I came up from Chicago for Christmas in Boscobel WI. The wind was blowing like mad and the temperatures were frigid. I stopped at a grocery store at the side side of town and the large pane glass windows were cover with thick ice. As I approached my destination between Boscobel and Blue River, I turned onto a road that I came out of an hour earlier. To my surprise (which I should not have been surprised due to the high winds), the road had drifted over and my car got stuck in the snow. As I mentioned, the wind was blowing very hard. The temperature was below zero. I got our of my warm car, walked around the back to the passenger-side rear tire and by the time I got there, my chin was numbed. This was Christmas Eve, 1983.
I didn’t exist in 1983 but I heard a story from grandparents in that time! They said it was so cold that year it was the coldest year they ever had it never snows where I live and if it does, it’s very rare and it’s sometimes cold!
December 1983. Houston, Texas.
I was living in the Montrose area. Back when there were still a lot of run down parts of Montrose. A cheap garage apartment; the sort of place that when someone went into the ground level to do laundry you could see the light go on through the floor. Pretty much zero insulation.
When I left town to go to New Orleans for a few days it was in the 60s. Pretty normal. No great internet weather forecasting then. Two strong cold fronts came through and we had record cold. 9F at one point. 91 consecutive hours below freezing. Old record was 67. For comparison, we’re looking at maybe 30 next week.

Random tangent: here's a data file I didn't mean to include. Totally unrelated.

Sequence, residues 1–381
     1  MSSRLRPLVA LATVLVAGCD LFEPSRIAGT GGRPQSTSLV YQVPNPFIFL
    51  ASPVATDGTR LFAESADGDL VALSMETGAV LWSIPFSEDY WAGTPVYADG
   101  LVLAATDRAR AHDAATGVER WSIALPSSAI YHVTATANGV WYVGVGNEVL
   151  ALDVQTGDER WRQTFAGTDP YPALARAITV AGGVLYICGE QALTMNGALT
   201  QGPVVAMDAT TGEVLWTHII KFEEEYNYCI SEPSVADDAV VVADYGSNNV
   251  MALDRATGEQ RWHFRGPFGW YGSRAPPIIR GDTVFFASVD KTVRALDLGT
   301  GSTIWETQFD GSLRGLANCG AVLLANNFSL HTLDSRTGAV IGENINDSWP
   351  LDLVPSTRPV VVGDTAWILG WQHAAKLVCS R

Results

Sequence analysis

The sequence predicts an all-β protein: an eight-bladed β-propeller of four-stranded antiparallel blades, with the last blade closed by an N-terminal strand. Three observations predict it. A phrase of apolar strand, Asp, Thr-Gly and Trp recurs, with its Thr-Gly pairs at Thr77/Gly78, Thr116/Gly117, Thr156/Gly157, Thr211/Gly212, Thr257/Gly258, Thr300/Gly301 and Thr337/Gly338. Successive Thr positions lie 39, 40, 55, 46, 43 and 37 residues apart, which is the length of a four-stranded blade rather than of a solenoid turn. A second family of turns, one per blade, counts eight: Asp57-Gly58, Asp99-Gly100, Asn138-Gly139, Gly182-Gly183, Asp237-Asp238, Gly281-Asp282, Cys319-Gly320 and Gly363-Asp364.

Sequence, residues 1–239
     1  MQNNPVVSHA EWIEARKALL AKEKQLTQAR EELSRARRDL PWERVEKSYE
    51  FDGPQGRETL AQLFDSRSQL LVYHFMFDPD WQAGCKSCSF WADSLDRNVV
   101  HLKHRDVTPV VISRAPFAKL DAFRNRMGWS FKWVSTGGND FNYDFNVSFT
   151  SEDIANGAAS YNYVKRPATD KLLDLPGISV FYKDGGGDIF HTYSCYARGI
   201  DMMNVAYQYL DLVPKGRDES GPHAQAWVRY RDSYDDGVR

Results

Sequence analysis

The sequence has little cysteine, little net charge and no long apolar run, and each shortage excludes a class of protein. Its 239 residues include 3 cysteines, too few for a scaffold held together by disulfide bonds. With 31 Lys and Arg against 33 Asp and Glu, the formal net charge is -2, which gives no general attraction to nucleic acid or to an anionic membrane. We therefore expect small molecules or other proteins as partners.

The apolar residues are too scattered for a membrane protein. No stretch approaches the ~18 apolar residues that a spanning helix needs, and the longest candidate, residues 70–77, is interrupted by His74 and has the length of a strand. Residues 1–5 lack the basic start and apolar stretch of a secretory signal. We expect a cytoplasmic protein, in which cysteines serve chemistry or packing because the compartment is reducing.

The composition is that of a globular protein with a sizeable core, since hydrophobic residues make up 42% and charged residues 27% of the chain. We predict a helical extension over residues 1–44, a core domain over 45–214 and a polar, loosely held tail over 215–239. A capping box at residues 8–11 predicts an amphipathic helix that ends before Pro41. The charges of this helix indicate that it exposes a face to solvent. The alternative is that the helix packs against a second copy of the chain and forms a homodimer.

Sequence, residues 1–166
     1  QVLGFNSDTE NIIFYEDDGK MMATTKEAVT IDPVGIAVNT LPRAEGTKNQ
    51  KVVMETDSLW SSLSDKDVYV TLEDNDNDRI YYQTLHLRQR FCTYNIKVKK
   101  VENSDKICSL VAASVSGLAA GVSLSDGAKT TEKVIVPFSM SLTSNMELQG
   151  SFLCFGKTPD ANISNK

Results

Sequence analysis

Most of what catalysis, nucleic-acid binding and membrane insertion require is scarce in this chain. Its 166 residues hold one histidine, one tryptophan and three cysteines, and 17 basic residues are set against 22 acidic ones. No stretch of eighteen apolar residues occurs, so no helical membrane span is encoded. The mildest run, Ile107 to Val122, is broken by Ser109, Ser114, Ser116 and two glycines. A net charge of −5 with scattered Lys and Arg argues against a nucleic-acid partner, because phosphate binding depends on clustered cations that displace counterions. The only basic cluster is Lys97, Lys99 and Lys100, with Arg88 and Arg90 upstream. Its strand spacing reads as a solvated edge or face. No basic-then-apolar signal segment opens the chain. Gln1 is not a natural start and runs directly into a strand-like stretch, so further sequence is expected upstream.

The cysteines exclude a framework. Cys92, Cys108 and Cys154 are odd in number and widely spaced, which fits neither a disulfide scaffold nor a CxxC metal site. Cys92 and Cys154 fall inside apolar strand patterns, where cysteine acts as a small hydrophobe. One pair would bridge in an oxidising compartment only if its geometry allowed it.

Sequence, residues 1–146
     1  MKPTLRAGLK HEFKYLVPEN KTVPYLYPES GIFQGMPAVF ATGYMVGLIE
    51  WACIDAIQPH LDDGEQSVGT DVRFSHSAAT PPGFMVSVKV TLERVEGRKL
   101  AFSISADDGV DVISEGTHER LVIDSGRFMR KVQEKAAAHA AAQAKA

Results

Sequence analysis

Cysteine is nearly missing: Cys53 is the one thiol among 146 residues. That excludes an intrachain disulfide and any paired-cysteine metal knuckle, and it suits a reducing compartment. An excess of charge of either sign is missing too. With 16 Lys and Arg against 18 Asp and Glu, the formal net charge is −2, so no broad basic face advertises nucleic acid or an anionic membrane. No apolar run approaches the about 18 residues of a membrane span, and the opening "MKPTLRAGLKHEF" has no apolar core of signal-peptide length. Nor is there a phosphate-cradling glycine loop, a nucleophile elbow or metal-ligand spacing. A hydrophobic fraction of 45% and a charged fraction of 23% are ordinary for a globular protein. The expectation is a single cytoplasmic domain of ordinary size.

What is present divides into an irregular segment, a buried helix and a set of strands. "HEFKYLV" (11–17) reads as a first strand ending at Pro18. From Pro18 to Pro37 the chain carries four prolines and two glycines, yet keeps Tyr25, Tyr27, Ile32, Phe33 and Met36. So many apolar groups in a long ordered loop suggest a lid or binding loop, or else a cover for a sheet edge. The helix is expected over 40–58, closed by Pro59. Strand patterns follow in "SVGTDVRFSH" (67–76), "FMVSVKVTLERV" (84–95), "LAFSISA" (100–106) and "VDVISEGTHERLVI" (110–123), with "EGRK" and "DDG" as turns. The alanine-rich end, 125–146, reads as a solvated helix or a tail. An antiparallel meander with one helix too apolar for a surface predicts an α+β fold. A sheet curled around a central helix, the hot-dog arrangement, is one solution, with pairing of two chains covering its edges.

Of course, being a foolish young man I had not left any heater on. When I got back it was in the 20s inside my apartment. The toilet froze over. The warmest spot in the place was my fish tank. The heater there struggled heroically to keep the water in the upper 40s. All the tropical fish were on their sides on the bottom (luckily most suspended and survived).
It took three days of running the window unit full blast to get the toilet to flush. My parents had just gotten divorced and had no room for me. I spent the three days at brother’s in-laws house
I remember that cold cold year in Chicago in 1983. I bought a new house by working at the post office a few years earlier. I remember saying to myself I am not going to work today. Now that old saying “whether rain, or sleet, or snow the mail must go through. Although I had time on the book I was still written up. But we had a strong union so no biggie. I still remember laying in bed with my 2 then young sons. One of which is 47 yrs old. My how the time does fly. I wrote this because I live in Minnesota and currently it is a balmy -11. I use to live in California and Arizona but I missed my 4 seasons and snow. ???????
I had bought a new pickup truck in 1983 and drove it from Albuquerque, MN to Dallas, TX. The temperature in truck would not warm even with the heater on. When I got to Dallas they were having one of the coldest winters in 40 years. The gas supply was so depleted that has to attach mobile propane units to keep pressure up. During time in Dallas had to go under house to repair busted water pipes. So with cold temperatures and spraying water was coldest have ever been.